>LOVE VALOUR COMPASSION by Layang Merah Theatre Group

>reviewed by james koh

>date: 31 mar 2000
>time: 8pm
>venue: the substation
>rating: ***

>tired already? go home then
>review junkie? whitney, give them this click to sniff

                           
>look, we know that you need to know that we, as responsible reviewers, have some quantifiable categories to rate productions, and are not just relying on some undefinable instinct or gut feeling. So to put your mind at ease, we will give you a logical rating system based on the practitioner's vision / and the reviewer's response of a particular production. Here it is then: ***** : Transcendent / Rapturous. ****: Crystal / Appreciative. ***: Transmitted / Thoughtful. **:Vague / Unsatisfied. * : Uncommunicated / Mystified. Yet in the end, you will feel that this is (1) a cheap attempt to justify the subjective arbitrariness of our rating system (2) buttressed by an interest in the logical (and inevitable) categorisation of such productions, which is (3) undermined by the cheapness of the attempt, and (4) confused by the creeping feeling you are getting that we are dead serious in our feeling that this rating system is an accurate description of the content, intent and quality of the production. Oh please -- does it even matter now? Look, at least we tried.
 

>>>>>2-in-1 ABOUT GAYS AND AIDS

No, LOVE VALOUR COMPASSION is not the award winning play by Terence McNally, which was made into a film a couple of years back. Neither is it a Mandarin play based and inspired by McNally's. Instead, this debut production by Layang Merah Theatre Group comprises of 2 original Mandarin plays - 'Dance Me to My Song' and 'The Wife and The Lover '. The only link to McNally's play is that both deal with gay characters and the crisis of the AIDS epidemic.

'Dance Me to My Song' (** out of 5*) is inspired by the novel 'Borrowed Time' by Paul Monette and Martin Sherman's 'Alive and Kicking'. Gay theatre can be broadly separated into two types: one group celebrates the flamboyant difference between the straight and the queer lifestyle; the other type attempts to assert the ordinariness and normality of being gay - that is gay relationships are the same as straight ones, the only difference is that one loves the member of the same sex. 'Dance Me to My Song' belongs to the latter group, which chronicles the life of an HIV positive singer/songwriter and his relationship with an older man - who becomes his companion and mentor -- and their attempts to face their uncertain future bravely together.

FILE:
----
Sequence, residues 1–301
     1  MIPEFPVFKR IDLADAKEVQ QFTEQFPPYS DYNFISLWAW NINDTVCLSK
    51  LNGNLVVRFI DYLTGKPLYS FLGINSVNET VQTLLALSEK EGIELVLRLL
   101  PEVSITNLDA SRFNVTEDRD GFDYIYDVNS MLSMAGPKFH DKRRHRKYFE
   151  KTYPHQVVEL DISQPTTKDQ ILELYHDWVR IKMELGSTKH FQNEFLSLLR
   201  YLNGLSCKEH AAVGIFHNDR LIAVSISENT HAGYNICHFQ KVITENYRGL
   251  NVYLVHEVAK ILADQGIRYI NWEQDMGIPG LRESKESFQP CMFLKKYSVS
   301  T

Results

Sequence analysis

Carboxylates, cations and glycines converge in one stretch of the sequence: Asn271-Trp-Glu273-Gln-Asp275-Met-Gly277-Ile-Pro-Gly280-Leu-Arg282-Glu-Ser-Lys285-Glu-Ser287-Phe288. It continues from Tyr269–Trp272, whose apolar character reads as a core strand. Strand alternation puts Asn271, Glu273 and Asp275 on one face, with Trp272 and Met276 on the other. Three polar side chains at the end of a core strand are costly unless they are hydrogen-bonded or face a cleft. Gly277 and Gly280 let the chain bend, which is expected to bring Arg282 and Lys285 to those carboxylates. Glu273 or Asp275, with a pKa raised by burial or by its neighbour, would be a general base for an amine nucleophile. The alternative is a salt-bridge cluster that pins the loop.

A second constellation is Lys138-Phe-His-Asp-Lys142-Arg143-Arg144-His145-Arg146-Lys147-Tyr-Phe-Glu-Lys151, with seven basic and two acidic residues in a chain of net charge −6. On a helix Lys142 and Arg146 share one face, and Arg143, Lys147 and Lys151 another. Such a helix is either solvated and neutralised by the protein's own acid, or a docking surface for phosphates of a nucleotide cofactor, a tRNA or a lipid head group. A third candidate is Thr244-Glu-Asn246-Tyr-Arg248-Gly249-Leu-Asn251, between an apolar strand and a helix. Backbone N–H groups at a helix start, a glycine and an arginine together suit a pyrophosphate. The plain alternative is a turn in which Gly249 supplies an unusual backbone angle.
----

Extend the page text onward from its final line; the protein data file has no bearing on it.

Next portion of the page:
Snapshots of their lives were enacted on stage - from their first meeting, through the development of their relationship and finally to the songwriter's death. It is to this effect that the use of multi-media was cleverly employed. From the slides that depicted a trip to the beach to a short film segment that revealed their day to day activities, scenes of how the characters coped with living with AIDS -- from surfing the web for the latest medical information on AIDS - were intersected with scenes of the lovers attempting to forge a new relationship together, as seen through their charmingly informal banter.

But what could have been an incendiary play that dealt with the trauma of living with AIDS and yet affirming the right to be gay, of highlighting the tension between an acceptance of inevitable death and an immediate desire to survive, of ultimately learning to celebrate the achievements of the living and mourning the dead - on the terms of gay culture - was not to be.

Instead, this was a strangely distant production that placed its characters in a world of its own, a world that was too calm and mannered to present any form of dramatic urgency or emotional anguish such that the audience was engaged. Like pictures or postcards, the various vignettes were nice to look at, interesting to observe for a while, yet in the end quite superficial. Moreover, like looking at a photograph, the audience was not allowed to enter this cocoon, one in which its sole relationship did not have any resonance outside of the atmospherics of this private world. Their friends and family (and even the audience) appeared to be cut off from them, such that the world they inhabited was highly inward looking, remote and removed from any social connection with the outside.